CEYHAN–Turkey (AFP) – The leaders of Azerbaijan–Georgia and Turkey have formally inaugurated the Baku-Tbilisi-Ceyhan (BTC) pipeline–a major US-backed project conceived 12 years ago to supply oil to Western markets that bypasses Russia and Iran.
The four-billion-dollar (3.145-billion-euro) conduit will bring oil from the Caspian Sea fields–the world’s third largest reserve–to Turkey’s Mediterranean port of Ceyhan–from where tankers will transport the crude to energy-hungry Western markets.
The pipeline is seen as a project of geostrategic significance–loosening Russia’s long-standing grip over oil exports from former Soviet republics–bypassing US foe Iran and easing Western reliance on Middle East crude supplies.
In a message read out at the ceremony here–US President George W. Bush hailed the project as an "impressive achievement… (that) marks a new era," and crucial for "providing energy security and enhancing regional cooperation."
One of the longest in the world–the pipeline stretches over 1,109 miles from Azerbaijan to Ceyhan via Georgia–going underground at times and crossing rivers and mountains more than 9,240 feet high at others.
In almost identical words–speakers at the ceremony celebrated the inauguration as "a dream come true" – a reference to widespread skepticism in the initial phases of planning that the pipeline was commercially unviable and difficult to build.
Washington has staunchly backed the route–lobbying hard for the exclusion of Iran–also an oil producer–whose participation would have made the conduit both shorter and more profitable.
"We always felt the support of the United States and we are very grateful for their efforts," Azeri President Ilham Aliyev said.
Turkish Prime Minister Recep Tayyip Erdogan called the pipeline "the Silk Road of the 21st century," saying it would boost economic development–cooperation and stability in a region that was once the Cold War frontier between NATO and the Soviet Union.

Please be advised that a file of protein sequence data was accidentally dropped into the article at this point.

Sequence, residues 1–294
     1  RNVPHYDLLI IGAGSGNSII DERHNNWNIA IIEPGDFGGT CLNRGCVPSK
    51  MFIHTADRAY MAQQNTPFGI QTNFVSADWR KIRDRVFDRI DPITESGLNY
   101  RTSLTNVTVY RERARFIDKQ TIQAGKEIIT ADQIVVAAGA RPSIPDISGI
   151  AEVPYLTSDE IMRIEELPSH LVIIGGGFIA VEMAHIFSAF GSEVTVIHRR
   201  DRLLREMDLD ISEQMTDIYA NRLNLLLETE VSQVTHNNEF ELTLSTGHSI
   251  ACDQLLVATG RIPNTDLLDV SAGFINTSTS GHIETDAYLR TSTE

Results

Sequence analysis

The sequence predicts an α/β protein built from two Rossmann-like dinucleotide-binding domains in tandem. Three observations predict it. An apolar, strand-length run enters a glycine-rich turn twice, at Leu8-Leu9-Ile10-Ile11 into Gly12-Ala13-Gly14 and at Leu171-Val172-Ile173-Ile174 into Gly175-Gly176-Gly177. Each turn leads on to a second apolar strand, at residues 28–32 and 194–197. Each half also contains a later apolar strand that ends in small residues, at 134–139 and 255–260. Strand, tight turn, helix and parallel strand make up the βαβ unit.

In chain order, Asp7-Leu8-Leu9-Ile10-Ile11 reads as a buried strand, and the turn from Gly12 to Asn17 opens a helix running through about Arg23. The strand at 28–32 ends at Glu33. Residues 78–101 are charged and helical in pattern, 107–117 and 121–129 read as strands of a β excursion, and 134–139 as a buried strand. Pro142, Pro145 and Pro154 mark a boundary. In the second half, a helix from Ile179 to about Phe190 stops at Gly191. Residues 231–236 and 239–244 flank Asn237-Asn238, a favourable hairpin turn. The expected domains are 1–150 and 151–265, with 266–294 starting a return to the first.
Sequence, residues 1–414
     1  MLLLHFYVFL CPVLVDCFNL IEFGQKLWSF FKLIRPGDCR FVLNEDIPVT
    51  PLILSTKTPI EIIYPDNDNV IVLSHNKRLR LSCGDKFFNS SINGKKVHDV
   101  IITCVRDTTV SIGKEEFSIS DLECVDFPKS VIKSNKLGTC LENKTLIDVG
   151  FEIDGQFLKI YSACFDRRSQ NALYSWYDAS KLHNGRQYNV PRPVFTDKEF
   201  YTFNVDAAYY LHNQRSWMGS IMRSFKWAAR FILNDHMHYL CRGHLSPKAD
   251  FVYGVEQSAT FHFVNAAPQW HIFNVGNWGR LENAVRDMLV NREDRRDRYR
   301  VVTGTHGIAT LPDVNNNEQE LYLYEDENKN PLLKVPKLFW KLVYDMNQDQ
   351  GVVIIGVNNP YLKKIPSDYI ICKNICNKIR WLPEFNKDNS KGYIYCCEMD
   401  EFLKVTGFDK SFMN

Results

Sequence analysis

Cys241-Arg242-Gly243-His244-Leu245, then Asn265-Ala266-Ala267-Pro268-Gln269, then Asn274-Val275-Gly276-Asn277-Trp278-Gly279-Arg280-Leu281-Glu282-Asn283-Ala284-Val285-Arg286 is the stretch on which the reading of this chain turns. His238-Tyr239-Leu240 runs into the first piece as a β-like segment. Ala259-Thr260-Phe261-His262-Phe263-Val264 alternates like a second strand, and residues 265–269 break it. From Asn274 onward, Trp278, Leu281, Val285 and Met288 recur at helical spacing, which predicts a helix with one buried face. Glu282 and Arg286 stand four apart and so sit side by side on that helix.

Aliyev–Erdogan and presidents Ahmet Necdet Sezer of Turkey and Mikhail Saakashvili of Georgia–joined by top executives of the share-holding companies–constructed a symbolic mini-pipeline–marking the formal opening of the conduit.
To applause from the audience–each laid a segment of pipe bearing the flag of their respective countries or the emblem of their companies.
A curtain was then raised behind the stage–revealing the Ceyhan terminal–where a British tanker loaded with 600,000 barrels of Azeri Light was moored–ready to sail for the Italian port of Genoa later in the day.
The Turkish authorities laid on heavy security for the ceremony–with 5,000 police and troops deployed at the venue and its environs–including snipers positioned on rooftops.
Senior officials from about 30 other countries and international organizations–including the United States and the European Union–attended the gathering.
The BTC’s longest stretch –671 miles– runs through Turkey with the remaining 275 miles in Azerbaijan and 163 miles in Georgia.
It was built by an international consortium led by British oil giant BP–which holds the largest stake of 30.1 percent. The 10 other shareholders are public and private oil companies from Azerbaijan–France–Italy–Japan–Norway–Turkey and the United States.
The pipeline is designed to carry up to 50 million metric tons of crude a year but is not likely to operate at full capacity in the short term–experts say.
Last month–Kazakhstan signed an agreement to join the project–committing an initial 7.5 million metric tons annually–with a pledge to raise the amount to 20 million metric tons in the longer term.
The inauguration of the pipeline is a major boost to Ankara’s claim of becoming a regional energy hub between Western consumers and the natural gas and oil producers of the Caspian and the Middle East.
Ceyhan–on Turkey’s eastern Mediterranean coast–is already the end-point of another pipeline from the oil fields of neighboring northern Iraq. Turkey also plans to make it the terminal of yet another oil conduit from Turkey’s Black Sea port of Samsun.
Work is also under way on several other pipeline projects to carry Caspian and Iranian natural gas to Europe via Turkey.
The BTC route also avoids the Bosphorus Strait–where congestion and tanker accidents often endanger the environment and the safety of residential quarters on the banks of the narrow waterway–which passes through Istanbul–a city of 12 million.